Hazel McHaffie

gene replacement therapy

A serendipitous find

Well, what d’you know?! In amongst the plethora of books the kind people of my neighbourhood are putting on the communal bookshelves, I found one that grabbed my attention. There, on the back cover – fertility treatment, human experimentation … wahey! My kind of key words!

And the author? Val McDermid, whose skill with words leaves me battling the green-eyed monster. This particular edition of Blue Genes might look as if it’s been dropped in the bath, and stuffed under a pillow, and bent backwards energetically enough to release the middle pages from their moorings, but it nevertheless did a wee detour into my hands, and I devoured it over two days. Pure diversion.

Kate Brannigan is a private investigator whose life is disintegrating all around her.
a) She’s on the verge of buttoning up a case of fraudulent exploitation of bereaved people, posing as a new widow herself, when the supposed deceased man erupts into the scene at precisely the wrong moment, and blows her case to kingdom come.
b) Her partner in the firm, Bill, is selling out and she can’t afford to buy his share of the company.
c) And she discovers her best friend, Alexis, has been concealing a massive secret about the child she’s having with her lesbian partner, Chris.

Now she’s suddenly deep in an investigation where one of the chief protagonists is lying murdered on her own kitchen floor.  Her name’s Dr Sarah Blackstone, a leading gynaecologist, specialising in sub-fertility in Leeds. Her picture’s in the paper. Or … is it? Not according to Alexis, who identifies the murdered woman in the photo as Dr Helen Maitland, the Manchester specialist who helped her towards her dream of parenthood. So why has this doctor been practising under two different names? And why has she been killed? And why has she adopted the name of a real live medical colleague high-profile enough to have published extensively on recent advances in gene replacement therapy? And just how far is someone pushing at the frontiers of what is allowable in fertility treatment?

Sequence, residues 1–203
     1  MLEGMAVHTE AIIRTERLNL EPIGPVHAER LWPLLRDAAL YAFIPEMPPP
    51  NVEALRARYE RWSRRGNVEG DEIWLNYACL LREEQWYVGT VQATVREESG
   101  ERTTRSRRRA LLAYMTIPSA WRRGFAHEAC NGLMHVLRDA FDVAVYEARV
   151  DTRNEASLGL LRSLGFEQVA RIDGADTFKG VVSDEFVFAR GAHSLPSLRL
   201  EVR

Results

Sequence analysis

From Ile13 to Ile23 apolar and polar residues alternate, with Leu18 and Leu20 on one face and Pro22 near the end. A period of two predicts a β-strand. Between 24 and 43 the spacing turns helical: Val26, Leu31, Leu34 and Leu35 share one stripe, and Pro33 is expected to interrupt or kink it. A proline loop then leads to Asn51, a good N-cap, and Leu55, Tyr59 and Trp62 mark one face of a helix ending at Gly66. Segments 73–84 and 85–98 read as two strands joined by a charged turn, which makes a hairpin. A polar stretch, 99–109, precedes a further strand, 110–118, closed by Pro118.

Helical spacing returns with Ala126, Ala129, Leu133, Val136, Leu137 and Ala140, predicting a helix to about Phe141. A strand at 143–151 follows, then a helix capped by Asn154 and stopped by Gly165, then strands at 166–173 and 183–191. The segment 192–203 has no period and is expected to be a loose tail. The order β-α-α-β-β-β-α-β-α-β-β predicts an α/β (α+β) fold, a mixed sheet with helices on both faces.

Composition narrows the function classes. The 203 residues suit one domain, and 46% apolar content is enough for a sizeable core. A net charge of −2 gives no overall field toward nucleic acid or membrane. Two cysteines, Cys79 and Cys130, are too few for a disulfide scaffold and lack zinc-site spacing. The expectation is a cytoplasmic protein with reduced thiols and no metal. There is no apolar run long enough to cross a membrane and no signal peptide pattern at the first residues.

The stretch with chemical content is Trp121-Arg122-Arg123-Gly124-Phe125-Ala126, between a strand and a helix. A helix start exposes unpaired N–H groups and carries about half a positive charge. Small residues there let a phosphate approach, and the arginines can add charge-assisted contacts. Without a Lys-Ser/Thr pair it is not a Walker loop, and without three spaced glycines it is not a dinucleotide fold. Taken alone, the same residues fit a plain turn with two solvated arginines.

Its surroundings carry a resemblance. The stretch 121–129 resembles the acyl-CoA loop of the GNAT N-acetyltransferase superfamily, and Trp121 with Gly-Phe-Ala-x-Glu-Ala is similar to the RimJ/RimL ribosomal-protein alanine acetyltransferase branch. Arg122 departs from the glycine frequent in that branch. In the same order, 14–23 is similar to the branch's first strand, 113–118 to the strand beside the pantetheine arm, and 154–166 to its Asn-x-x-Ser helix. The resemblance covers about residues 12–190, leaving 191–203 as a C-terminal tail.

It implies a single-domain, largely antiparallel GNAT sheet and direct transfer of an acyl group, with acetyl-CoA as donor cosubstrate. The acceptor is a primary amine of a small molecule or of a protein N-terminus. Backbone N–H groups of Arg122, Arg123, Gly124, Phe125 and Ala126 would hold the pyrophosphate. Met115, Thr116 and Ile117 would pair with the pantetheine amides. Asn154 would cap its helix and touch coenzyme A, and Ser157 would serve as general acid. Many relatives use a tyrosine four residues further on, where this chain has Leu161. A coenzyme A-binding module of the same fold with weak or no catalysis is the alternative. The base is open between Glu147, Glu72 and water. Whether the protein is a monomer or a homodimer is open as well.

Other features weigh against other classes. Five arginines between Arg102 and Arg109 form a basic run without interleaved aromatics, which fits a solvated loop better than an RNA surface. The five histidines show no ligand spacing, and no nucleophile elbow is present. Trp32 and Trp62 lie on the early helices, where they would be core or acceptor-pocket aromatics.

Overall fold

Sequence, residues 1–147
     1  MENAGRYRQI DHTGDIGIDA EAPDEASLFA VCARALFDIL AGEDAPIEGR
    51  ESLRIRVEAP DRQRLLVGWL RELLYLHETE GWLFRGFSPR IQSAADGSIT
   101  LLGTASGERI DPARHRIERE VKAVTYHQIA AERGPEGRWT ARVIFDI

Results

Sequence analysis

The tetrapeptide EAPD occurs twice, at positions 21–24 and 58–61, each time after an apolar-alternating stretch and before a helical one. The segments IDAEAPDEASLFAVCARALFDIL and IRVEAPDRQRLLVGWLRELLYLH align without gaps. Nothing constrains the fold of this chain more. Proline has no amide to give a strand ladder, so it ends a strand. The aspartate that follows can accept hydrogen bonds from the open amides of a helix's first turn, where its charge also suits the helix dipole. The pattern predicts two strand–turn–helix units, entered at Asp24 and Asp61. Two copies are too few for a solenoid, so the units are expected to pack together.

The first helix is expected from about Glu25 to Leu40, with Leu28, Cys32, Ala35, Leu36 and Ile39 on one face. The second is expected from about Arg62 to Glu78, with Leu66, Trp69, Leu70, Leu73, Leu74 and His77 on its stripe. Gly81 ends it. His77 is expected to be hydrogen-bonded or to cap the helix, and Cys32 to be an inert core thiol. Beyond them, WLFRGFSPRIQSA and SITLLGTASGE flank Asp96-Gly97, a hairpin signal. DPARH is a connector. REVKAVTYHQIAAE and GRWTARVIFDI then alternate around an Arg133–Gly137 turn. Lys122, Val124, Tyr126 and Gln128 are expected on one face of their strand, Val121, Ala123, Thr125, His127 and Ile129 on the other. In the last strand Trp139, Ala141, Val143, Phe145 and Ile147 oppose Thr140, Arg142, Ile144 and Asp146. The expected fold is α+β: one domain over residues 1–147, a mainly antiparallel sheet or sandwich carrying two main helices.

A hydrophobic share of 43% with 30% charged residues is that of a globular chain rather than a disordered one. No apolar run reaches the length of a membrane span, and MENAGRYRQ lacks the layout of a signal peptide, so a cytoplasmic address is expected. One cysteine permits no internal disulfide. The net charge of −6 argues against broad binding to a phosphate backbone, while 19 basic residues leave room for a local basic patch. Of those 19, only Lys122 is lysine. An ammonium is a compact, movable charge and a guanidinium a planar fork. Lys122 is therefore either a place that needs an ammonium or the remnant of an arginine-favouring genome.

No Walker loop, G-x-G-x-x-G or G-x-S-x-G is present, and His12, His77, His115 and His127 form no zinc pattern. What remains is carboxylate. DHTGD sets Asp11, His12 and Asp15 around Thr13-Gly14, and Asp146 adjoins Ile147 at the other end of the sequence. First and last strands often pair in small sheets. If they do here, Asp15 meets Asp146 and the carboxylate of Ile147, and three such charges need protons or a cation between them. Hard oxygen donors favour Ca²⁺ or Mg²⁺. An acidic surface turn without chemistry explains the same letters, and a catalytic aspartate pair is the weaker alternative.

Criminal, legal and ethical quagmires aplenty. My kind of territory. What a treat!

And all delivered with Val McDermid’s customary brio. I don’t want to deliver any spoilers but I can share a few literary gems with you:

Ironing out the problems in my relationship with Richard would have taken the entire staff of an industrial laundry a month. It had taken us rather longer.

Alexis grinned and blew a long stream of smoke down her nostrils. Puff the Magic Dragon would have signed up for a training course on the spot.

As well as the red-rimmed eyes and the stubble, a prospective employer had to contend with a haircut that looked like Edward Scissorhands on a bad hair day, and a dress sense that would embarrass a jumble sale.

… a three-bedroomed semi with a set of flower beds so neat it was hard to imagine a dandelion would have enough bottle to sprout there.

The devil finds work for idle hands; if you can’t manage any other exercise, you can always push your luck.

Treasures one and all.

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